The mob that breached the United States Capitol on Jan. 6 did unforgivable violence to one of our nation's most hallowed spaces. But its unwelcome intrusion may have also roused our too-often-sleepwalking Congress to once again become the forum for great speeches, serious deliberation and the working out of a possible way forward for this divided country.
The revival of a spark began at the outset of the day's proceedings before the rabble arrived. After the two chambers split off from their joint session to deal with the objection to Arizona's electoral votes, Senate Majority Leader Mitch McConnell (R-KY) gave the speech of his life. Shaking with emotion, he explained why Congress could not "declare ourselves a national board of elections on steroids" without putting American democracy into a "death spiral" in which every election is rejected. He thundered against the tendency to excuse one side's bad behavior with reference to the acts of the other: "We must not imitate and escalate what we repudiate."
Not long into the Arizona debate, both chambers were suddenly interrupted by the incursion of people who began the day being called "protestors" but lost the right to be described so benignly when they broke the windows of the Capitol and stormed in. The surreal, awful images that followed will be seared into our country's collective memory forever: podiums carried out by grinning goons, a Confederate flag waving, smoke filling the marble halls and hooligans running rampant, taking selfies as they mindlessly declared their vindication.
How and why the Capitol Police and other law enforcement officials failed to prevent this abomination are questions that will have to be answered later. Clearly, somewhere along the line, there were unforgivable failures of judgment.
But Congress remained resolute. Quick-thinking staffers grabbed the physical boxes containing Electoral College votes so that proceedings could continue without further delay. Members kept their composure as they were hurried off to safety, with many managing to conduct interviews broadcasting a single message: We are safe and undaunted and will finish our work tonight.
Indeed, late in the evening, order was restored, and both chambers resumed their deliberations. Some commentators wished our legislators would simply stop talking in the wake of such awful events. But doing so would have betrayed the spirit of the institution. Congress is all about letting people have their say, and hearing objections is also what the Electoral Count Act demanded. We will not get through difficult divisions by breaking off communication but by continuing to argue. Seeing the process through was itself the night's biggest victory.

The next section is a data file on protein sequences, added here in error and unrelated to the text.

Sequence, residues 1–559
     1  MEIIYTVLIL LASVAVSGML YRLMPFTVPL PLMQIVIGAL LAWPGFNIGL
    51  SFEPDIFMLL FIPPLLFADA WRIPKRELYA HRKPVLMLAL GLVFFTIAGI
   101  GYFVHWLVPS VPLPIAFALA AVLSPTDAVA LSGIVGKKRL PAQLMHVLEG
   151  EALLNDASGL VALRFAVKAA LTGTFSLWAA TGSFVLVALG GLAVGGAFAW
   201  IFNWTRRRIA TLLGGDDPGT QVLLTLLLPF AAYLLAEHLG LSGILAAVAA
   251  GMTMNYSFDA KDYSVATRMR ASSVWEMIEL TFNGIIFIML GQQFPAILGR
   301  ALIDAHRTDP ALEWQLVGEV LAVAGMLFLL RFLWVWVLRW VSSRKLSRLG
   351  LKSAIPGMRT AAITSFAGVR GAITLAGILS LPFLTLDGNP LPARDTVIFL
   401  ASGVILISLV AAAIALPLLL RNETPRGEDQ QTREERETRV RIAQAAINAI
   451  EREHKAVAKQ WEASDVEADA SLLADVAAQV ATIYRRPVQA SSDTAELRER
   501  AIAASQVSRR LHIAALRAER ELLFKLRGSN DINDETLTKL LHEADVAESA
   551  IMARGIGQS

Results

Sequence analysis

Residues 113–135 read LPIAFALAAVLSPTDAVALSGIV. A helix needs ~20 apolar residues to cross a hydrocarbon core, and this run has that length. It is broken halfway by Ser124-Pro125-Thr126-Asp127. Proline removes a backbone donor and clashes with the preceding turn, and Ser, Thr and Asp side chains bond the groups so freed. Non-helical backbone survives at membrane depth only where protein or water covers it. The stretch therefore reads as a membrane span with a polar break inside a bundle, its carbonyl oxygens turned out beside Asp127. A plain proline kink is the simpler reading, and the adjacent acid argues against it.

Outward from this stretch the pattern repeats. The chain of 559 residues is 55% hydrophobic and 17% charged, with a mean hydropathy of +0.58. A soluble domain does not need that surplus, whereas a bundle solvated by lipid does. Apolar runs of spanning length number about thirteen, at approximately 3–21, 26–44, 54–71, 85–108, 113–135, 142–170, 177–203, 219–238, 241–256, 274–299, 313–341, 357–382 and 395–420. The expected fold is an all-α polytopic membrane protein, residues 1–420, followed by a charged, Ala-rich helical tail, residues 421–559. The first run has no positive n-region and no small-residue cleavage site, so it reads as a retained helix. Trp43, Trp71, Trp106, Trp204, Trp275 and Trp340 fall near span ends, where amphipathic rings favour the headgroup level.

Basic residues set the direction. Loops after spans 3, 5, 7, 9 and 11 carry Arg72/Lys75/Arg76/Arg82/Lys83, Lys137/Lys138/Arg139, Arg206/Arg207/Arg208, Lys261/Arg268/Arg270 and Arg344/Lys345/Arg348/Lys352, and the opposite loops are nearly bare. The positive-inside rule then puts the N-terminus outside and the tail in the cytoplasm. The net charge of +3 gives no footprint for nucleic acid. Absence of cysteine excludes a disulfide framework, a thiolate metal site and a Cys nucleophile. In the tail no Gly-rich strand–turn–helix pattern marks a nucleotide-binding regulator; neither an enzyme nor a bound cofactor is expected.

But we also got some unforgettable oratorical moments, especially from Republicans denouncing their party's role in bringing about the day's events. Sen. Mitt Romney (R-UT) delivered a scathing indictment of the "insurrection, incited by the president of the United States," and earned an ovation for his insistence that "the best way we can show respect for the voters who are upset is by telling them the truth!" Rep. Tom Reed (R-NY), speaking on borrowed Democratic time, denounced "mob rule that spat upon the blood of my father that is in the soil of Europe and in the soil of Korea." Rep. Adam Kinzinger (R-IL) condemned the way that "misinformation and fear has been fed into people for profit and power."
Long after most of us had gone to bed, the deliberations went on, culminating in the affirmation of President-elect Joseph Biden's Electoral College victory at 3:39 a.m.
The day was not without dark portents. The vast majority of House Republicans voted to object to the electoral votes from Arizona and Pennsylvania, a disappointing failure to rise to the occasion. Only seven Republican Senators joined in that charade.
One of the objectors, House Minority Leader Kevin McCarthy (R-CA), insisted, "This Congress will not be the same after today," and encouraged members to think more carefully about what they post on social media. But such fine words will need to be matched by actions. "We solve the problems of our nation not through destruction, but through debate," McCarthy intoned - but it remains to be seen if he and his colleagues will do everything in their power to ensure that those responsible for the destruction are punished.
By giving members of both parties an unmistakable enemy to rally against - a literal invasion - the events of Jan. 6, 2021, have the potential to galvanize Congress and renew its members' dedication to the public good. Let us hope they continue to rise to the occasion.
Philip Wallach is a resident scholar at the American Enterprise Institute, where he studies America's separation of powers. He wrote this for InsideSources.com.
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